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Texas Governor Designates Mexican Cartels As ‘Terrorist’ Organizations

Anastasia Boushee
Gage Skidmore from Peoria, AZ, United States of America, CC BY-SA 2.0 , via Wikimedia Commons
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Texas Gov. Greg Abbott has officially designated several Mexican cartels as terrorist organizations in response to record amounts of fentanyl pouring over the southern border. The governor also ordered the Department of Public Safety to begin dismantling the cartels’ infrastructure.

During a border security round table on Wednesday in Midland, Texas, Abbott spoke out about the effects that fentanyl has had on Texans, and Americans in general, calling out the cartels for bringing the deadly drug into the country.

“Fentanyl is a clandestine killer, and Texans are falling victim to the Mexican cartels that are producing it,” the governor said. “Cartels are terrorists, and it’s time we treated them that way. In fact, more Americans died from fentanyl poisoning in the past year than all terrorist attacks across the globe in the past 100 years. In order to save our country, particularly our next generation, we must do more to get fentanyl off our streets.”

Abbott specifically identified the Sinaloa and Jalisco New Generation Cartels (CJNG), designating them terrorist organizations. He also called on the Texas Department of Public Safety and other law enforcement agencies to begin identifying gangs within the state that support Mexican drug cartels.

The governor also sent a letter to Washington, D.C., requesting that President Joe Biden and Vice President Kamala Harris create federal terrorist designations for the cartels and others who produce and distribute fentanyl.

“Mexican drug cartels terrorize the United States and its citizens every day, leaving thousands of dead bodies in their wake,” the letter read. “Their latest weapons of choice are the millions of tiny pills laced with fentanyl that they pour across our southern border. As a result, it is necessary, now more than ever, for you to designate the Sinaloa Cartel, the Jalisco New Generation Cartel, and any similarly situated Mexican drug cartels as foreign terrorist organizations under Section 219 of the Immigration and Nationality Act (INA). This move would help us fight back against these terrorists and disrupt their deadly attacks on America.”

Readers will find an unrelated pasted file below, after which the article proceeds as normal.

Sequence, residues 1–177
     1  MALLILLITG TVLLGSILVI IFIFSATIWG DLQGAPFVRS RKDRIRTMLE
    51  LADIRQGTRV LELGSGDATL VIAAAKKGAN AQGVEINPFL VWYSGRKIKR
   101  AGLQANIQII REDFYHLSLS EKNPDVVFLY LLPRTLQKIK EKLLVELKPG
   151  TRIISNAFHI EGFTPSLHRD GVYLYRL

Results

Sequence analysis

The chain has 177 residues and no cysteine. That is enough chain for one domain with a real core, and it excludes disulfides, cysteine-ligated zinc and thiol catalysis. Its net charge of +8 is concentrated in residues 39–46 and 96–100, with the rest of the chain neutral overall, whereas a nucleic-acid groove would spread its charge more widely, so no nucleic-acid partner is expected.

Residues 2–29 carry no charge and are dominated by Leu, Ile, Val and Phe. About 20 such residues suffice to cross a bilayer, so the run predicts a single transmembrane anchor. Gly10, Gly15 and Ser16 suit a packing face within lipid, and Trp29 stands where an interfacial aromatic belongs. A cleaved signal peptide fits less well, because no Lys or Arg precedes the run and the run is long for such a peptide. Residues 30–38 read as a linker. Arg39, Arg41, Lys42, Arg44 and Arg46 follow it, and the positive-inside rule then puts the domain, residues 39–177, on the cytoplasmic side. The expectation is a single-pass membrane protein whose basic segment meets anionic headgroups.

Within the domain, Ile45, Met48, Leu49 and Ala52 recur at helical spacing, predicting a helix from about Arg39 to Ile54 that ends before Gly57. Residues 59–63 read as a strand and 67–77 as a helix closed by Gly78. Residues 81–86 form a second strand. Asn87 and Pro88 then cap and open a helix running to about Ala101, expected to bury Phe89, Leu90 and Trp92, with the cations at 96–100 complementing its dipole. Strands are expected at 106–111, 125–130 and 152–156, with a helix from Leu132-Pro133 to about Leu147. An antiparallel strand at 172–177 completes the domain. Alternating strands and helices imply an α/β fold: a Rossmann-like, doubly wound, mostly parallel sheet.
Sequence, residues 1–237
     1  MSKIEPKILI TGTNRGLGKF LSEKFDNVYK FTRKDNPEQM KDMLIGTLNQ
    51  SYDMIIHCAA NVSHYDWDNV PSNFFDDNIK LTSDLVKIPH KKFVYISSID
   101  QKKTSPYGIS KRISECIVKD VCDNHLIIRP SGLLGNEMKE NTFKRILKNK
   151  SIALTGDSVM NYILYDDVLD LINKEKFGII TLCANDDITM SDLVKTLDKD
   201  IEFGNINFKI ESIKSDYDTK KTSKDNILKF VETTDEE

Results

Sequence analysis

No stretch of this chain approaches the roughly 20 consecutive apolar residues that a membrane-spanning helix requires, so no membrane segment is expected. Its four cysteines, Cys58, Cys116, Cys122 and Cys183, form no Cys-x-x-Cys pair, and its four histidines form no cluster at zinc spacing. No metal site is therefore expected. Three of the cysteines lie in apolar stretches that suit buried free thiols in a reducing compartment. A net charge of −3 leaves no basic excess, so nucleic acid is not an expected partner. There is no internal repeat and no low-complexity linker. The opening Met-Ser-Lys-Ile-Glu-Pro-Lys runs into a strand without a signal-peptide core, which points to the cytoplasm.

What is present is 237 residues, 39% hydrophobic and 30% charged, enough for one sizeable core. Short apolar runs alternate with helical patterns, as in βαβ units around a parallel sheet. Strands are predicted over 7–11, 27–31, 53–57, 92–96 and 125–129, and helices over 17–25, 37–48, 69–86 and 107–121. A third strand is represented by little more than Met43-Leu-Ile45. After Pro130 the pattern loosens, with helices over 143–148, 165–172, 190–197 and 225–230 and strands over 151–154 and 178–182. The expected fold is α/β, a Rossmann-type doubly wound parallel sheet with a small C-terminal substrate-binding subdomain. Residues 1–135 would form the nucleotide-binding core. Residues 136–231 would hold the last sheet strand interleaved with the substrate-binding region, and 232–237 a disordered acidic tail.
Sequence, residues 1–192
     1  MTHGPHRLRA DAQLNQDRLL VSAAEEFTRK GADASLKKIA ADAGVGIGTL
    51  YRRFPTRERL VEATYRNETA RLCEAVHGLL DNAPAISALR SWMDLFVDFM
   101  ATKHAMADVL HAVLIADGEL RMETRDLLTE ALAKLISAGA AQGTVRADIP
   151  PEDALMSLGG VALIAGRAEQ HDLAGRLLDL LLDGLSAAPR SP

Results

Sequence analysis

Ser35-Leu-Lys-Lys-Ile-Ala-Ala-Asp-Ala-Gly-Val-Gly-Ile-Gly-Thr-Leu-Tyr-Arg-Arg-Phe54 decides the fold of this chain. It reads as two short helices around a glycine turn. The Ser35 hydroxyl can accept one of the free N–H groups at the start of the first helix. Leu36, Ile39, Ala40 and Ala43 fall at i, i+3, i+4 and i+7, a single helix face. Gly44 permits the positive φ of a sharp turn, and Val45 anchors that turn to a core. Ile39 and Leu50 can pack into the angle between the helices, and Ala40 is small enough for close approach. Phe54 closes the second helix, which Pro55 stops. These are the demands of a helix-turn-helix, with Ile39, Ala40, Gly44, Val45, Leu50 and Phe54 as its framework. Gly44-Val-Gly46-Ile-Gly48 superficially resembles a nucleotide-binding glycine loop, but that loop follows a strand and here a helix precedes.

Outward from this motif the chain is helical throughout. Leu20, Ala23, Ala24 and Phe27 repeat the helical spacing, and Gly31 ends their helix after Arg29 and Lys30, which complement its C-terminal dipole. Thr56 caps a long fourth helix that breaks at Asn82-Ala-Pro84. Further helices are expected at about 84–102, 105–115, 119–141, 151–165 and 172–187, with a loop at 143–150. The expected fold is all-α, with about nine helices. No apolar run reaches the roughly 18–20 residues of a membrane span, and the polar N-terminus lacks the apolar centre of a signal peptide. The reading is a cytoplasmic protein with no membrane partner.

“According to the Centers for Disease Control and Prevention, more than 75,000 Americans died from drug overdoses that involved fentanyl between February 2021 and February 2022,” Abbott explained in the letter. “To put that in context, the National Consortium for the Study of Terrorism and Responses to Terrorism reports there were 3,905 deaths of Americans in terrorist attacks worldwide between 1995 and 2019, most of them occurring on September 11, 2001. In this light, the magnitude of the terrorism-related to the introduction of fentanyl by Mexican drug cartels is astonishing.”

“The reason for the explosion of fentanyl deaths in America is that the Mexican drug cartels are trafficking fentanyl across our southern border at a greater rate than ever, thanks to your open borders policies,” the letter continued.

“In an April 2021 letter to you both, I made this request for designation. There was no action, no response,” the governor concluded. “But if you are ready to make Americans safer, it will be better late than never. As the number of American deaths continues to rise due to the cartels’ terrorist behavior, now is the time to act. We do not have more time to waste.”

Officials within Abbott’s office also noted: “With Mexican drug cartels disguising fentanyl as counterfeit pills and targeting children with ‘rainbow fentanyl’ pills, the Governor emphasizes in his letter that immediate decisive action is needed from the Biden Administration to combat this deadly crisis impacting the nation.”

Abbott also told state agencies to begin preparing for the next session of the Texas Legislature, ordering the agencies to “outline statutory changes, budget priorities, and other initiatives that will enhance the state’s ability to interdict the synthetic opioid, provide emergency overdose treatment, and expand substance abuse treatment programs.”

“We must take all appropriate actions to inform Texans of this danger and prevent additional deaths,” the governor told the agency leaders. “Together we can help bring awareness to the threat posed by fentanyl and do our part to address this crisis.”

Abbott’s office also noted in a report that, under Operation Lone Star, 335 million lethal doses of fentanyl were seized by the Texas Department of Public Safety and Texas National Guard.